The atmosphere in Gorilla is also a contributing factor to the overall impressiveness of the show. Fans of all ages, clearly passionate about the band onstage in front of them, respond to everything Gareth says with rapturous applause and cheering (save for a smattering of boos as he re-emerges on stage wearing a United shirt), and as encore closer Baby I Got The Death Rattle comes to an end, the masses pour out into a chilly Mancunian night with smiles on their faces.

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Less Than Jake – See The Light (2013)

This Autumn, Less Than Jake returned to the scene with their first original album since 2008’s GNV FLA. As one of my favourite bands not just in the genre but across music as a whole, I was naturally very excited by the news of its impending release. After hearing My Money Is On The Long Shot, the first track released back in early October I was already fairly confident in Noisey’s assertion that See The Light was going to be a return to form for one of the genre’s most ever-present groups, as both GNV FLA and in particular In 

ImageWith The Out Crowd before it, while not being bad albums by any stretch of the word, were certainly something of a departure from their earlier sound that was oh so pleasing to the ears.

And once I got hold of the album, it was little time before the initial predictions were ringing true. The album’s opener Good Enough wastes no time in leaping straight into those halcyon brass tunes that were so sorely underrepresented in their previous two outings, and the vocals are still as catchy as they ever were. Certainly a promising start. My Money Is On The Long Shot then leads into Jump, which sees Chris and the boys turning up the guitar riffs ever so slightly as they implore you to “step to the edge and take the jump”, whilst the lyrics on a whole already begin to paint a picture of this album’s underlying theme – one of refusing to settle for a dissatisfying existence, of battling to change your station in life should you so desire.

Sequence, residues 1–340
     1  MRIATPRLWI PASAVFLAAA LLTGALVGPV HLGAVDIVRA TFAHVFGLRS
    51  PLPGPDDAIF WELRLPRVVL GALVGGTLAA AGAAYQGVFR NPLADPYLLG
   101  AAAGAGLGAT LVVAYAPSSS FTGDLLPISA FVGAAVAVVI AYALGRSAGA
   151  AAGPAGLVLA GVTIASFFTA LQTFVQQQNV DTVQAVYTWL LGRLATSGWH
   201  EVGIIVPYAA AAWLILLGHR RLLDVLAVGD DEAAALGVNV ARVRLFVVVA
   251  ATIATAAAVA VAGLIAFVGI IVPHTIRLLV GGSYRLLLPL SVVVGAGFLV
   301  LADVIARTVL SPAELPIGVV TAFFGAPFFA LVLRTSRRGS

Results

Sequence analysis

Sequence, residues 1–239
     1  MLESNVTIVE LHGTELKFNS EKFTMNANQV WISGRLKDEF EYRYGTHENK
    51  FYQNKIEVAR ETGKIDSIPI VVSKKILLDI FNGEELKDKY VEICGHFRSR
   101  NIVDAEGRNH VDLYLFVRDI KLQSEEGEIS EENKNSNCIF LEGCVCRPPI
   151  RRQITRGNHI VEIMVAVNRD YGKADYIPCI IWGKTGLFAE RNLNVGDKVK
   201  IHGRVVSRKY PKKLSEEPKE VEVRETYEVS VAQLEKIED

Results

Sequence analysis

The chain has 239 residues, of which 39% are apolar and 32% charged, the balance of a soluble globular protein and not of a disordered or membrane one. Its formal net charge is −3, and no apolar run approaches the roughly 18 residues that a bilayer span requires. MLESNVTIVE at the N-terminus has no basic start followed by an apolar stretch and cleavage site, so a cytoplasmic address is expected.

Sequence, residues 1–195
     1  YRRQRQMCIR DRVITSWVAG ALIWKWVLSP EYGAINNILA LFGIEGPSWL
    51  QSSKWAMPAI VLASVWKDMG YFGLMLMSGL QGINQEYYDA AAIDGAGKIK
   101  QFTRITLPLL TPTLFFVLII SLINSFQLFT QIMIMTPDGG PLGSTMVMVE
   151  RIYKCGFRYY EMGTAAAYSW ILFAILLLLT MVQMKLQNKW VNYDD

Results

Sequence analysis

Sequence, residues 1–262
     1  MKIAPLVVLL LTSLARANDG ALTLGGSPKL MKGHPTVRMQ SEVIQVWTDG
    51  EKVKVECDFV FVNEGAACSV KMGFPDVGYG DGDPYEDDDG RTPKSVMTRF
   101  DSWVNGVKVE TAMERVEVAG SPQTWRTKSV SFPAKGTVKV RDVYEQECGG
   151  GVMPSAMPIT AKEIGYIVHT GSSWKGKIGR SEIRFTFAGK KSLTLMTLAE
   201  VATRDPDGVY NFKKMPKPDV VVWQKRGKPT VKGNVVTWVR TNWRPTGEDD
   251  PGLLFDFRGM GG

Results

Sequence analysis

For The Love Of Punk were very astute in their review as they noted that the catchy tunes and shouted choruses bely a much deeper meaning, and this is at its most evident in the simply brilliant Do The Math and Give Me Something To Believe In, Inc. – proper genre-epitomising anthems that manage to be fun and upbeat whilst simultaneously conveying an important message. Other standout tracks (which says a lot about their quality given the generally high standard of the whole album) are American Idle and album closer Weekends All Year Long, both emphatic in their driving home of the point that it is important to make the most of the time you have; don’t get bogged down by trivial routines, chase the satisfaction that you know you deserve.

See The Light, then, is, above all else, a purely great album. It’s a quality that’s difficult to quantify, but LTJ have definitely achieved it here. It’s pretty much objectively their best work since Anthem came out a decade ago, and it’s the closest they’ve come to recapturing the sound of 1997’s seminal Hello Rockview. In short, it’s a striking return to form and one that fans of both band and genre would be doing themselves a disservice to ignore. At thirteen tracks it’s a sufficiently meaty offering, but the fact that each track averages out around 2:45 long means that even if you find one you don’t like, you’ll be on to the next one in no time.